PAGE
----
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5.0 out of 5 stars A brilliant read, 18 Nov 2013
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This review is from: Knockemstiff (Kindle Edition)
Had me hooked from page 1. What a fantastic writer. The Devil All The Time is another brilliant book. Can't wait for his next creation.
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3.0 out of 5 stars A little light reading, 17 Sep 2013
By 
Ciaran Cooke (Dublin , Republic of Ireland) - See all my reviews
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This review is from: Knockemstiff (Paperback)
I read Knockemstiff while on holiday in the sun. It's probably the most anti-holiday book anybody could read! It is so unrelentingly grim I just had to laugh to myself and wonder what kind of horror would come next. I found it hard to like a book that wallowed in such misery.

That said the writing was sparse and haunting in places and there was a fascination in reading about these characters and the dark paths their lives were heading down. I admired the book but didn't love it.
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4 of 6 people found the following review helpful
5.0 out of 5 stars Powerful, poetic and emotional debut from a master of the written word, 29 Aug 2008
By 
R. Layfield "ultrasimplified" (London, England) - See all my reviews
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This review is from: Knockemstiff (Hardcover)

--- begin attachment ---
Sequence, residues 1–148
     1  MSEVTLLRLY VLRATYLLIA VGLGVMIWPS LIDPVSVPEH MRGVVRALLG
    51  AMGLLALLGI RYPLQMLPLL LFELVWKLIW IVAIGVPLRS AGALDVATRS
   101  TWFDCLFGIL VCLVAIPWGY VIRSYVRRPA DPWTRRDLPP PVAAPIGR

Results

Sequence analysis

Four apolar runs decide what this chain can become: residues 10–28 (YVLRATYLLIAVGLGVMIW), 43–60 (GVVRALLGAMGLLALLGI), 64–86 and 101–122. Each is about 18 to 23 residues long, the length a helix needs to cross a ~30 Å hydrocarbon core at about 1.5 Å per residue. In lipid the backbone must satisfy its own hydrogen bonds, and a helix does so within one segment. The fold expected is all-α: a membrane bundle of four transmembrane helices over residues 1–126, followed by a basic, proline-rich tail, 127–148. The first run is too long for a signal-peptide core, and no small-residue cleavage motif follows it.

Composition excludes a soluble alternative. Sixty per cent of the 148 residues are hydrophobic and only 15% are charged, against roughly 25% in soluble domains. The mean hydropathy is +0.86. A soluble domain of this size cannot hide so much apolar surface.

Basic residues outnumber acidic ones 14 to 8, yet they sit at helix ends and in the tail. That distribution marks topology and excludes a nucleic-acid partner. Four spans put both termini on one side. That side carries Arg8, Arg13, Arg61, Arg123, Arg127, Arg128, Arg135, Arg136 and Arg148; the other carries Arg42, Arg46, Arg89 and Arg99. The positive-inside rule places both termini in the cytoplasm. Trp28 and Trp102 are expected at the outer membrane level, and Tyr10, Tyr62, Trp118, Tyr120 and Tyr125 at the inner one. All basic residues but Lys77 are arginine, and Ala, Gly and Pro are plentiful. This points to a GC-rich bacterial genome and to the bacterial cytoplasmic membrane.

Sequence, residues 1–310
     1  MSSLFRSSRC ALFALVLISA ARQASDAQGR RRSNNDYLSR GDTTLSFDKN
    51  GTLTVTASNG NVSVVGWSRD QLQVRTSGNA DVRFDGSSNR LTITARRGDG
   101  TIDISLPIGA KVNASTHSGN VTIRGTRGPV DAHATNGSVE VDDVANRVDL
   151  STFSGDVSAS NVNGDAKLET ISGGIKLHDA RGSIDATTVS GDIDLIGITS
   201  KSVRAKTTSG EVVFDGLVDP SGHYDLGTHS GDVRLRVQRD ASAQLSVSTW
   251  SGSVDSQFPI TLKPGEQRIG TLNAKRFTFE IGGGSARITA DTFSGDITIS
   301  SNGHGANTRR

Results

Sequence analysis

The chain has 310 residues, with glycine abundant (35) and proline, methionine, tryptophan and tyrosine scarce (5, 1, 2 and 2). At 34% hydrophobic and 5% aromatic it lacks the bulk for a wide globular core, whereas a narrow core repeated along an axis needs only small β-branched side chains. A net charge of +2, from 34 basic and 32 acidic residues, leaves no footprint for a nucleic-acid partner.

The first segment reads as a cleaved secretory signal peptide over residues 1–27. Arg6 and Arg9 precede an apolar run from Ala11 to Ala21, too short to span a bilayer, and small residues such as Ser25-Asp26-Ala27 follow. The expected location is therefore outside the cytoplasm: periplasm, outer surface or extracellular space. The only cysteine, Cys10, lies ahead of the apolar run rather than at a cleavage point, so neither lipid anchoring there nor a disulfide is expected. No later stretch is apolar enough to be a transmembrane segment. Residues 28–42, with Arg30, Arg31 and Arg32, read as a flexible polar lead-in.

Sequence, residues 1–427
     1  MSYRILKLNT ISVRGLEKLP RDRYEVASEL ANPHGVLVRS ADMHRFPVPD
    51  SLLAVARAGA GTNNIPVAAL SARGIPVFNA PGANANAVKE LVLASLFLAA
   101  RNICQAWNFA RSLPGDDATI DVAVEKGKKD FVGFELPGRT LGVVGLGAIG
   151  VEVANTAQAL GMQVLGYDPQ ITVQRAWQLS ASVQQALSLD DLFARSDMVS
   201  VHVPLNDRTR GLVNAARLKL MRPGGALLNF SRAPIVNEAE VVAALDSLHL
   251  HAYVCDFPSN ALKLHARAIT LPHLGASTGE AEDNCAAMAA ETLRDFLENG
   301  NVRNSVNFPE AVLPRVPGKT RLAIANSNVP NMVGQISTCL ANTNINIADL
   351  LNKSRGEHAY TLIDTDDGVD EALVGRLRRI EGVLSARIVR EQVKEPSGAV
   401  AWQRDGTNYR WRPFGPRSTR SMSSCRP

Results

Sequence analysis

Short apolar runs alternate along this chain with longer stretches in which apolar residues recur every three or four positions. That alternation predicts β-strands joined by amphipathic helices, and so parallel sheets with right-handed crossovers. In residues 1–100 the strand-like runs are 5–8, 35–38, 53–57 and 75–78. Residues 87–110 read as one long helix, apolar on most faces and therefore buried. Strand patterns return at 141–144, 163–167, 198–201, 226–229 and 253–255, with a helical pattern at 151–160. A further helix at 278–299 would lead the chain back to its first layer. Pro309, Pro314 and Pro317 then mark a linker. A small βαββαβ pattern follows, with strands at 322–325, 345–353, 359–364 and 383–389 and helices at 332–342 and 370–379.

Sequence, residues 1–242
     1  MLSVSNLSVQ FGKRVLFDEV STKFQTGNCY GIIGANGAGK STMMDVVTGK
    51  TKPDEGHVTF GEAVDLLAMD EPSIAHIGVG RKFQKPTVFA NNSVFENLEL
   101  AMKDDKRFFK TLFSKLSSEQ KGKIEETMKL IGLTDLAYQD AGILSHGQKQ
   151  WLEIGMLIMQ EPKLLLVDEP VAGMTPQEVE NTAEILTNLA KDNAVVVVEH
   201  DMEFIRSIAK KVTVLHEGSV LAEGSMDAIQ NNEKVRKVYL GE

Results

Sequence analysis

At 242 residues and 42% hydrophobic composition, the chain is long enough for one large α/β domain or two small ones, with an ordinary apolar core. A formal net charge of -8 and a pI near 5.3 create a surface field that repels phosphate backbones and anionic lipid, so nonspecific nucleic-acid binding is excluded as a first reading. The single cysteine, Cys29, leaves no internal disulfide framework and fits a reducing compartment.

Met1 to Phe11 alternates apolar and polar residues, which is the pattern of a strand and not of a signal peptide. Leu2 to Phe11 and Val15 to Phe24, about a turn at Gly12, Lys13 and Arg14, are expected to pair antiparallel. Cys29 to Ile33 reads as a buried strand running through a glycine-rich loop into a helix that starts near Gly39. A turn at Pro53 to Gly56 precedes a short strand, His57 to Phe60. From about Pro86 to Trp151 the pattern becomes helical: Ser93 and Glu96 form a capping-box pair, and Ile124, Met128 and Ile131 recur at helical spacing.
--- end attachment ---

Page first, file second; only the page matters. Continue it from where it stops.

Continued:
Think of that moment at the end of Kes when Billy realises that all his dreams have been crushed and he's doomed to work in the pit like his brother and father before him. That's the overarching feeling you get from this book - hopelessness, dreams unfulfilled, the cruelty of being doomed to be always "where you're from."

The stories are powerful, beautiful, visceral and tragic. It's some of the best short fiction I've ever read and it paints a portrait of backwater america that's so tangible it almost makes me nostalgic for it. From the father proud of his son's first fight, to the kid trying to dodge the draft by luring his pursuers into a snake pit, to the tale of love lost at the petrol pumps as yet another local leaves for the big city, the stories are by turns frightening, disturbing, tragic, hopeless and poignant.

Donald Ray Pollock claims to be a former resident of the real town of Knockemstiff and whilst none of the stories are actually based in fact, he's used his experience well to cast them in a believable reality of their own.

This is a very very well-written book and it will reward you.
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Knockemstiff
Knockemstiff by Donald Ray Pollock (Paperback - 2 July 2009)